I spend my whole life teaching singers technique, researching technique, practising technique, discussing technique. This probably makes me boring in the extreme, but sometimes, all that know-how comes in handy.
I believe in building a good instrument before you learn to play it, and as I am now older than some buildings (as my good friend Givvi Flynn is inclined to tell me) my instrument was built many years ago. It's pretty solid, and I can more or less do anything I want with it, under fair-to-middling conditions.
I usually think of technique as being two-part: firstly, it is what we use to develop a great vocal instrument, and secondly it is what helps us to achieve athletic vocal performances and the kind of fireworks that Joe Public seems to like. Sometimes, though, there's a third purpose, and that's to get us out of trouble when things go wrong, which they did last in spectacular fashion at Worcester Cathedral during a concert.
This particular concert was always going to be tricky: it was with VU, who usually work to track, but this time we were working with a single pianist, and the acoustics in the Cathedral - which is the size of a small country - are notoriously unhelpful unless you're standing right in the sweet spot, which we weren't (that had been reserved for the orchestra who had flown in from Germany - fair enough). I'd constructed a nice set, including a solo spot for me, backed by VU, just to offer the audience a different colour. After all, most people love chocolate, but that doesn't mean you're going to say no to a sherbet lemon ;-)
The solo that I picked was one that I did in a concert this Summer and which went down particularly well. It's a song called "Immortal", and was composed by the late great Eric Wolfson of The Alan Parsons Project. The song was originally sung by Steve Balsamo, better than anyone else ever will, and is a big and technical sing, to say the least of it. The bridges in the song (in the key that I sing it in, anyway) are particularly tricky, and rely on a lot of subtlety and control which can only be achieved on the mic. In other words, if I'd intended to sing the song un-mic'd, the key would have been completely different. Imagine my joy, therefore, when the PA went down just as I picked up the mic to start singing...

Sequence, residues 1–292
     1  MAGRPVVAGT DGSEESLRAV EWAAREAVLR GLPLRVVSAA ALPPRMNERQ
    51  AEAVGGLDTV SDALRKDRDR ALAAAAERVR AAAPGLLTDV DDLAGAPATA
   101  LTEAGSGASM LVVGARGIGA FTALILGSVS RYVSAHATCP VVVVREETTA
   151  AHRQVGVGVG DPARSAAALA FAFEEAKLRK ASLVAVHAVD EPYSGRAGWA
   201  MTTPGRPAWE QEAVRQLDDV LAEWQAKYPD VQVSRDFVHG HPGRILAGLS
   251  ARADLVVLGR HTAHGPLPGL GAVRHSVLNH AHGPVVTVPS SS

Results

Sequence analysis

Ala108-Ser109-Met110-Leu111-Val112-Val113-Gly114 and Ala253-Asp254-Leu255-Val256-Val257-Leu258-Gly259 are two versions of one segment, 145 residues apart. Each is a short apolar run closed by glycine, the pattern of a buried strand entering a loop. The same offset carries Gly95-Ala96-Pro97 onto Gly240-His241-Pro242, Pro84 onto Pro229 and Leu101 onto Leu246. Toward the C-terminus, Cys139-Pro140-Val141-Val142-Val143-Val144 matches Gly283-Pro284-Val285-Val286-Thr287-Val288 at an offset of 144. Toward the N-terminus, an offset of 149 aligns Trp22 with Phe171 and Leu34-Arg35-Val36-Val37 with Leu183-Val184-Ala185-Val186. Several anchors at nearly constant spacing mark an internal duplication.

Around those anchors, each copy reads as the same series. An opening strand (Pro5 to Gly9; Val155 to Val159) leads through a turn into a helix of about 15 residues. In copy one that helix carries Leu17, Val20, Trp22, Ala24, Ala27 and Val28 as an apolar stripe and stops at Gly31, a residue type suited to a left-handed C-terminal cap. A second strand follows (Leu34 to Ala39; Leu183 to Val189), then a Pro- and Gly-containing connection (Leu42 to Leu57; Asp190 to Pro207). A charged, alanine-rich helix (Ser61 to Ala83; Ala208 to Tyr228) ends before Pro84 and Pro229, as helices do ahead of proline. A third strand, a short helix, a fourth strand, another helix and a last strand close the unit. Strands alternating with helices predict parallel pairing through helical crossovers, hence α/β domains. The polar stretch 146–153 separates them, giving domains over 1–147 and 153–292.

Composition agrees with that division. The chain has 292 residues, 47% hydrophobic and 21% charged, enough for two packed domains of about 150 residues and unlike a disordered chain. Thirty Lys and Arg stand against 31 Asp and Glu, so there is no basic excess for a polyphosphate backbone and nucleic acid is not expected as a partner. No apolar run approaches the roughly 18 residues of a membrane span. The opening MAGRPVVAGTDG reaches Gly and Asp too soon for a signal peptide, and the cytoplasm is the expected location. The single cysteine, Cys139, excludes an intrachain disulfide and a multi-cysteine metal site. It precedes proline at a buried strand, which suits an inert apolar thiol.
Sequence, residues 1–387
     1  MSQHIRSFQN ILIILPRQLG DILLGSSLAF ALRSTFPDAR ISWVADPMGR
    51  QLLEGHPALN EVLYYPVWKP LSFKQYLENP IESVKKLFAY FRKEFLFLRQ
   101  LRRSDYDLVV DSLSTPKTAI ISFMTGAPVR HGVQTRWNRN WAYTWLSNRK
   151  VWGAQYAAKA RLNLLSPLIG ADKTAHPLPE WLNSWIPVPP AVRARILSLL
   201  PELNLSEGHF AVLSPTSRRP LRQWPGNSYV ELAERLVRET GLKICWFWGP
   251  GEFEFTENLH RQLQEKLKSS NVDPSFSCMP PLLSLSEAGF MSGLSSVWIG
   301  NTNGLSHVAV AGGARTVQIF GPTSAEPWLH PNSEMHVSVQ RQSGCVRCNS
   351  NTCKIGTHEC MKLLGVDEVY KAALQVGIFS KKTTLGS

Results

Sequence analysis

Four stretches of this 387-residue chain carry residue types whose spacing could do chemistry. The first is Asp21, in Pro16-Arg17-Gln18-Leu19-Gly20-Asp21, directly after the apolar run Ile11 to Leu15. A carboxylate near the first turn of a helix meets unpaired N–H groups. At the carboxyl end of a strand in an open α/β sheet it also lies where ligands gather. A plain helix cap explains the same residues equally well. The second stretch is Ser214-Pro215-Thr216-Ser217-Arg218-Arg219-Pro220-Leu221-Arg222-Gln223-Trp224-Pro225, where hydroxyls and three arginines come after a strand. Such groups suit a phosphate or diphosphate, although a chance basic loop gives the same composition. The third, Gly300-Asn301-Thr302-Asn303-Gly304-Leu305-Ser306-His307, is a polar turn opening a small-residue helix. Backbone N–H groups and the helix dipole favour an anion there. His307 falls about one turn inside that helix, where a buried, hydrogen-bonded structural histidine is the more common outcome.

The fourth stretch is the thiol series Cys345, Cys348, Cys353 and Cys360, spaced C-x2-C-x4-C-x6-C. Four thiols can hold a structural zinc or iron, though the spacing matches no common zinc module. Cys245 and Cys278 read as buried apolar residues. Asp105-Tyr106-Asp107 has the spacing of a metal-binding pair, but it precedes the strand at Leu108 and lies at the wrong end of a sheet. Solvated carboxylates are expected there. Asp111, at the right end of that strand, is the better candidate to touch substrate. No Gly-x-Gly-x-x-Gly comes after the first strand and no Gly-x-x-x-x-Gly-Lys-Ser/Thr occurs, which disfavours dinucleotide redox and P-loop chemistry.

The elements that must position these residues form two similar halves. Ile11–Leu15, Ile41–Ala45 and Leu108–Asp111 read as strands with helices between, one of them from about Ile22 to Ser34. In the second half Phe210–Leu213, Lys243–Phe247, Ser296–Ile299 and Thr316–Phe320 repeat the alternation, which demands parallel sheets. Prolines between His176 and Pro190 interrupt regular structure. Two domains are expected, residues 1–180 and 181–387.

I had no choice, I had to sing it unamplified. No problem for the section of the song which was just me and the piano, but when a 90-strong chorus kicks in at full pelt, even my big mouth isn't enough to be heard over them. Bless 'em all they did their bit, pulled back from their usual tumultuous blast and gave me some room, but even so it was a big, big ask.
I did my job and got from one end of the song to the other - although not in the form that I would have liked - and spent 4 minutes 30 (yes, it had to be a long song, of course) summoning The Force, calling upon the help of all the gods who were going to get me struck by lighting in that venerable building and using every single ounce of technique that I have.
It was only afterwards that I remembered to be grateful that I could switch from amplified technique to un-amplified, because if I didn't know what I was doing and relied instead on opening my mouth and hoping for the best, as so many singers do, I would've been sunk.
Now, I don't want you to think that I'm saying that technique is everything. It isn't. Artistry is equally important, and most of the time, technique can be something we consign to the practise room, but when the chips are down onstage, it becomes the centre of the universe.
All of which is to lead to the question: how secure is your technique?
my castle, my game, my rules
My occasional thoughts, rants, updates and perspectives various. Definitely not the opinions of the BBC.